This reaction is strictly prohibited for the following reasons:

  • It involves ethylene oxide, a highly reactive and highly toxic substance for manufacturers.
  • There is a risk of contamination of synthesized surfactants with 1,4-dioxane (a derivative of ethylene oxide), which is suspected to be carcinogenic.
  • Finally, this manufacturing process is also very polluting for the environment.

All of this leads us to discuss the use of SCI...


Why is SCI Prohibited in Organic and Natural Beauty Products ?


SCI is a surfactant derived from coconut oil, very common in the market of solid cleansing products. It is often marketed as a "green" ingredient despite its prohibition in natural and organic certification.


The Dangers of SCI Related to Human Health


SCI is prohibited in natural and organic cosmetics because this ingredient involves the previously mentioned manufacturing process: ethoxylation. We remind you of the dangers associated with this substance for humans: ethylene oxide is a carcinogen that is also highly irritating and corrosive to the skin and eyes.* It presents a direct risk to workers in contact with this substance.


The Impact of SCI on the Environment


Ethoxylation is a heavy process carried out under extreme temperature and pressure conditions. This process is also very polluting, involving ethylene oxide, which is highly reactive and toxic. Its toxicity is indirectly found in nature if responsible fabrication is not followed. Moreover, the ethoxylated derivatives obtained can contaminate the environment with the presence of toxic impurities (1,4-dioxane, ethylene oxide, etc.) for microorganisms and fish.

Even if the final ingredient can be considered natural and gentle for the planet, what is the point if all the harm has been done during its creation?


Why is SCI often marketed as "green"?


SCI is a solution for brands that want to offer consumers solid cleansing products with abundant suds and foam, without resorting to sulfates or soaps derived from saponification.

Added to this, the marketing arguments presented by the brands are very reassuring for the consumer: naturally derived surfactant, foaming, sulfate-free, gentle on the skin with a moderate environmental impact...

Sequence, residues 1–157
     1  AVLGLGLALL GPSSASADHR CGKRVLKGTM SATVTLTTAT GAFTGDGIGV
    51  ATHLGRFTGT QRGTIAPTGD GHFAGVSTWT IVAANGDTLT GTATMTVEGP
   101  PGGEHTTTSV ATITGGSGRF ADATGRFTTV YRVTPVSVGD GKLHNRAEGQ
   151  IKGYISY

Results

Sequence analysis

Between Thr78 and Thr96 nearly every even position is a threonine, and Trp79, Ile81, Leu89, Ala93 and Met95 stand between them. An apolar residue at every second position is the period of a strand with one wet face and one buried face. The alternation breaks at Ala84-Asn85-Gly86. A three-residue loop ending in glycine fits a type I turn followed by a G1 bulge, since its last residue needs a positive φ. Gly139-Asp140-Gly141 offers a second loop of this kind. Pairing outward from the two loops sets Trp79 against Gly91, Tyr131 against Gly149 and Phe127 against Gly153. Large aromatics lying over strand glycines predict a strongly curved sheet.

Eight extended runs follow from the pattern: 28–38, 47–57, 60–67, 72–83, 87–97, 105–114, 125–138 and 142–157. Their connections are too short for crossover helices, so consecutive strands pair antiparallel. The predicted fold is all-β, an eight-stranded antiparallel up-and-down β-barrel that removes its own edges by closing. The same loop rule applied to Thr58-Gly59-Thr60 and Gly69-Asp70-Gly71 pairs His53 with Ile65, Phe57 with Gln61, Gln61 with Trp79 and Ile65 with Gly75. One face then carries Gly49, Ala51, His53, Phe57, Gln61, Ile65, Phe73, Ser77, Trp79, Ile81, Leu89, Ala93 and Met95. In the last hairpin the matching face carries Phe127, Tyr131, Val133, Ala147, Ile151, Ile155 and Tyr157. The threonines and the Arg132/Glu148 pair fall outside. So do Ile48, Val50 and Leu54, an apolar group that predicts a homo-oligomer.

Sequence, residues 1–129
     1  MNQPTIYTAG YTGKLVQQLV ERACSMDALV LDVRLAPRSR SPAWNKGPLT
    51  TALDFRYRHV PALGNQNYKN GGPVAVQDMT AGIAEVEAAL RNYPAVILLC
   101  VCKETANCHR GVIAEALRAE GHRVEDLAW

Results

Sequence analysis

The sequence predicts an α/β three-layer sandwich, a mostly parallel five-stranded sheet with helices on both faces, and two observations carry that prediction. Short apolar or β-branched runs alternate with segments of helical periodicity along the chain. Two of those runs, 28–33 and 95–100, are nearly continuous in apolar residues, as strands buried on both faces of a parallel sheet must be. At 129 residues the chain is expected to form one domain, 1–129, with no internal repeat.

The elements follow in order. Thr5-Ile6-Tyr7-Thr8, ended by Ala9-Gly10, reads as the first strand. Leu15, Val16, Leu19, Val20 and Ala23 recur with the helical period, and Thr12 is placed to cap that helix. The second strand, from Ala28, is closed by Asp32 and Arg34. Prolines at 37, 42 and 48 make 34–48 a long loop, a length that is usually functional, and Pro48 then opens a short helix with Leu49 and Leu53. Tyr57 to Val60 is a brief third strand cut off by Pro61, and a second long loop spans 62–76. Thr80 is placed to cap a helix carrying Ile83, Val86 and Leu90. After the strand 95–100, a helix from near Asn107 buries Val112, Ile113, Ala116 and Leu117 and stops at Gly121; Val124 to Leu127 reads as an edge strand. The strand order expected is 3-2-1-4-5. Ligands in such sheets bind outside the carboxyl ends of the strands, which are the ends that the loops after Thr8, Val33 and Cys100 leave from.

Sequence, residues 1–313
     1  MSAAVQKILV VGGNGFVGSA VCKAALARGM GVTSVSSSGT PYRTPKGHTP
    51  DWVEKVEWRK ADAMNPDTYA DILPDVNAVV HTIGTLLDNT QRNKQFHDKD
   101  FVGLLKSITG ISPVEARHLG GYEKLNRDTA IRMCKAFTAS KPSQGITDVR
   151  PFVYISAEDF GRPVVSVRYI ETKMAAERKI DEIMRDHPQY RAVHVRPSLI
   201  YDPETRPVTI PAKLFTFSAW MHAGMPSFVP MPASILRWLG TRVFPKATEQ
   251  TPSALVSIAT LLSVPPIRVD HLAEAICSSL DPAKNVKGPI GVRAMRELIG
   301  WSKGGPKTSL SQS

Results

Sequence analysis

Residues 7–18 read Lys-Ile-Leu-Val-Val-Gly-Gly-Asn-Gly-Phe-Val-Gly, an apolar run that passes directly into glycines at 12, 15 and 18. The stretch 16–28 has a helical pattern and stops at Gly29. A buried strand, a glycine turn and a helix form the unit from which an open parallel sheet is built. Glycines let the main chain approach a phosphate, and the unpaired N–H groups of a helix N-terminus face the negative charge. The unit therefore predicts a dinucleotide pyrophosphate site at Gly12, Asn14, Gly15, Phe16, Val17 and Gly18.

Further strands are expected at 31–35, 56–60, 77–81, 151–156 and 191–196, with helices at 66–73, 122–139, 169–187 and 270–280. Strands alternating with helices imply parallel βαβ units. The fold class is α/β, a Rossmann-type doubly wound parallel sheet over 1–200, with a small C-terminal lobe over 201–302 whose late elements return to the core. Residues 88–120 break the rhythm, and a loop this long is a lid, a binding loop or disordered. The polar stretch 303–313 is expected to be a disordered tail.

....these arguments only consider the final ingredient and mask the issues surrounding its production, giving the consumer only part of the truth.

By not fully delving into the facts about this ingredient, the marketing message is easier pass. 🤭

What cleansing products do we recommend for the conscious consumer? 


Each of us has different needs when it comes to cleansing products. Depending on skin type, scalp, hair, etc., we may opt for one specific care product over another. For dehydrated skin, we may prefer a cold process soap with “surgras”. For an itchy scalp, we will favor an organic shampoo using natural and gentle surfactants like Disodium Cocoylglutamate, decyl glucoside, lauryl glucoside...

Of course, these options are not exhaustive!

And regarding the foaming aspect: it's important to keep in mind that the amount of suds does not determine the effectiveness of products.

To date, there are no alternatives that can achieve foam levels comparable to sulfates for certified organic solid cosmetics. But certified product brands are still able to meet your specific needs with or without sulfates…and always without SCI.

To help you choose, it's best to prioritize beauty products using the Cosmébio label. With this reference, you can be sure to respect your health, that of the planet... and that of the people who produce the raw materials!

Here's a small (non-exhaustive!) selection of solid cleansing products without SCI to pamper your skin and scalp:




* https://www.inrs.fr/publications/bdd/fichetox/fiche.html?refINRS=FICHETOX_70



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Written by
Mélissa  Mélissa